Email is dead. Long live email.
This is an ongoing debate in online marketing.
Not only are we swamped by more email, we have a lot more other things competing for our attention.
Plus, Google is giving the consumer tools to filter out a lot of those emails in the promotional tabs.
But people still overwhelmingly say that if they want to hear from a company, they want to hear from you via email.
So email is not dead.
But it is changing.
Because it’s not that people have stopped using email. It’s that they’re sick of sales and marketing emails. They can spot that stuff a mile away.
Just because they say that the best way to reach them is through email, doesn’t mean they’re going to cut you any slack if your emails suck.
So what are you going to do to make better emails?
We have to give enough of a flying zucchini to break the conventions, figure out what works for your business, and be more human.
If you just follow email “best practices” or optimize for scale and that “set it and forget it” mentality, you’re making email less human. And that’s the exact opposite of what we want to do.
We need to ask, how do we make email more human?
Don’t automate if you don’t need to.
Recently, I was working with a client on a new lead magnet, and she asked what kind of automated nurture sequence she should create to follow up after people download her lead magnet.
And I asked, “How many opt-ins are you expecting per month?” To which she replied, “About five.”
Well first of all, thanks for being honest, and second, DON’T AUTOMATE THAT STUFF.
If you’re only getting a small number opt-ins per month, just reply to them directly. Think how awesome people will feel getting an email directly from the owner of the business — they have no idea how many opt-ins you get, and they’re going to feel special and impressed if they get a reply directly from you, from your real email address.
Maybe you get too many opt-ins for that to be a legit strategy for you, but I bet there’s a place in your funnel where you don’t need to automate. Identify that and bring that back to a personal level.
Only email when you have something to say.
I preach the gospel of consistency when it comes to content, but for the love of Pete, don’t send me an email just because it’s been a while since you sent your last email.
(And if you haven’t sent me an email in a while, don’t draw my attention to it by apologizing for how long it’s been since you emailed me… but that’s another post.)
Be consistent about providing real value. From a real human. Believe me when I tell you that your audience can tell when you’re phoning it in.
Here’s an interesting fact that’s especially useful when you’re making an ask in a sales email: if you say, “I’m emailing you because _______,” you get almost a 30% better response rate. Make it relevant to the reader. Personalize, “I’m emailing you because I know you read our last ebook on… and I think you should come to our event.” So having a POINT improves the response rate you get to an email.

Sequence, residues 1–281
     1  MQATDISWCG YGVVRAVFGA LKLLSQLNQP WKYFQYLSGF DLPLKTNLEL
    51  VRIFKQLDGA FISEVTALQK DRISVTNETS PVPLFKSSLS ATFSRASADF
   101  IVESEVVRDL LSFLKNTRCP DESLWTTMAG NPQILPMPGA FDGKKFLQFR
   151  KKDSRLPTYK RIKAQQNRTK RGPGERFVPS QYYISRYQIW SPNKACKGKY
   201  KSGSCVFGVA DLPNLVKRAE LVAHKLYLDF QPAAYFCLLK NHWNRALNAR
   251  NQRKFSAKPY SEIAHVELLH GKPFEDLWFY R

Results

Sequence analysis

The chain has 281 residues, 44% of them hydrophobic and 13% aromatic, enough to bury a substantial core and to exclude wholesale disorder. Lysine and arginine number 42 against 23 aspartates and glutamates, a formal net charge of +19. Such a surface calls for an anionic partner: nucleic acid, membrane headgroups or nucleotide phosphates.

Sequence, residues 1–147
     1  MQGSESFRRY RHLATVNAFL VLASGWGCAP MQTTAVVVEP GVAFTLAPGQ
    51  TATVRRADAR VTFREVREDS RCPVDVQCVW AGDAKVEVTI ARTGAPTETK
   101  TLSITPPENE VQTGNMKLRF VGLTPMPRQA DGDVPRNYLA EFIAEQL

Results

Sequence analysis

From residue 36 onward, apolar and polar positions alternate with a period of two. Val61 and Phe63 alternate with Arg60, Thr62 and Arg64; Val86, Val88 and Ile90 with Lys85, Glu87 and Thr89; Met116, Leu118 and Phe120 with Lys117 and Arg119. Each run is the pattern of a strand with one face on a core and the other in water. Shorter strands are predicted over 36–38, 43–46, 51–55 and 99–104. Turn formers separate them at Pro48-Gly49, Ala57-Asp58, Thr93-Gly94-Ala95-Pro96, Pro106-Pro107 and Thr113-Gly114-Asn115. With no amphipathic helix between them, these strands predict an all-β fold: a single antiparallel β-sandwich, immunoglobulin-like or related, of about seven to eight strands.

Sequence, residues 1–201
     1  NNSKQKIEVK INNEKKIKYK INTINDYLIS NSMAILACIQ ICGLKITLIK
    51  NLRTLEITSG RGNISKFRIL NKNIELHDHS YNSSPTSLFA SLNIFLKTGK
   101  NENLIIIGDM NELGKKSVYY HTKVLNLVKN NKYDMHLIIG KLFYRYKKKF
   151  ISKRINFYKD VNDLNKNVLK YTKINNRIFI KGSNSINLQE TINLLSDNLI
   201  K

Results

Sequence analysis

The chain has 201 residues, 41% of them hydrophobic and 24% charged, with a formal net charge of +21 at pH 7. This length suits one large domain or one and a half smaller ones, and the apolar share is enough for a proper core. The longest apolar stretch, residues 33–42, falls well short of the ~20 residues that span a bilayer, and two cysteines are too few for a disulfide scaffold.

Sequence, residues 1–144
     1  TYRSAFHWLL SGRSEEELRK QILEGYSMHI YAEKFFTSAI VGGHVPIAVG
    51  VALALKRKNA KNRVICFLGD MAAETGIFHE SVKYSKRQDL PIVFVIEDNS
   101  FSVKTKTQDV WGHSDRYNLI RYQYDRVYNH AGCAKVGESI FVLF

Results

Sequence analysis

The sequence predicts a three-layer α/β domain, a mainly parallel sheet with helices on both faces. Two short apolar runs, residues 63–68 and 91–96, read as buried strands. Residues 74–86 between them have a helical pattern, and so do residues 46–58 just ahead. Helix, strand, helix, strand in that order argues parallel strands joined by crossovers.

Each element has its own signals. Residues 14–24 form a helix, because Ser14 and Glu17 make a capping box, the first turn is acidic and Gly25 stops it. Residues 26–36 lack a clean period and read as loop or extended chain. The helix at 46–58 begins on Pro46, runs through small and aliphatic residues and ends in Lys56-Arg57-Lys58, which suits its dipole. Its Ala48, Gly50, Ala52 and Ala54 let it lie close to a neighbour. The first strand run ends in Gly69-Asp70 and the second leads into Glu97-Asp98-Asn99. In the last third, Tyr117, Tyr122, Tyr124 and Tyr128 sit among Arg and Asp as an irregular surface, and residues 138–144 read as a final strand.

Write like a person, from a person, to a person.
One easy thing to do is make sure your return email address says it’s from a person — not your company. You’re more likely to open an email from me if it says it’s from “Lacy” than if it says it’s from “Content Direction Agency.”
Not gonna lie; when I know the owner of a business, I’ve often been fooled when they have a great subject line and I think they’re emailing directly to me. It’s awesome.
I’ve seen too many examples of people who think they suddenly have to morph into a “business” when they write for their business. So they stop sounding like a human and start sounding like a weird business robot that speaks in marketing jargon.
Don’t do that.
On the other hand, I work with a client who works so hard to make sure that all his emails are in his voice. I often provide a rough draft that he edits to make it even more him. That’s why when we wrote an email to his list about his search for angel investors, he got 16 responses that resulted in $300,000 in funding. From a single email. Because they knew and trusted him.
The best emails come from a person, not a marketing department. Our goal as an agency is always to sound like our customers and humanize their marketing. Even though they’re outsourcing some of their marketing, we want their human voice to come through — especially because most of our customers are strong personality driven brands.
Use your personality to your advantage. You are a person. Act like it!
Ask for a reply — and then reply back
One of the best engagement strategies is to ask for a reply in your call to action. Again, unless you’re reaching a hundred thousand people with your emails, you’re unlikely to have the number of responses break your inbox. But it does show a big jump in meaningful engagement.
And guess what? That small percentage of people who actually respond are ready for you to reply back to them — and that can result in a very hot prospect who might want to buy what you’re selling.
We have to stop treating email as something we already know how to do, and start looking for ways to be innovative and interesting. The best practices of yore are tanking. The people and businesses who are killing it with email are doing things differently.
Go back to the steps I repeat for all kinds of content marketing:
- Ask yourself what’s your goal.
- Define the metrics that will let you know how you’re progressing toward that goal.
- Come up with a strategy to hit those metrics.
This blog post was written by ROOT teammate & collaborator Lacy Boggs. Lacy is a content strategist, author of the bestselling Kindle ebook, “Make a Killing With Content,” and the director of The Content Direction Agency. She helps personality-driven brands create and implement content marketing strategies tailor-made to support their customers and reach their goals. To learn more, go to lacyboggs.com/undercover.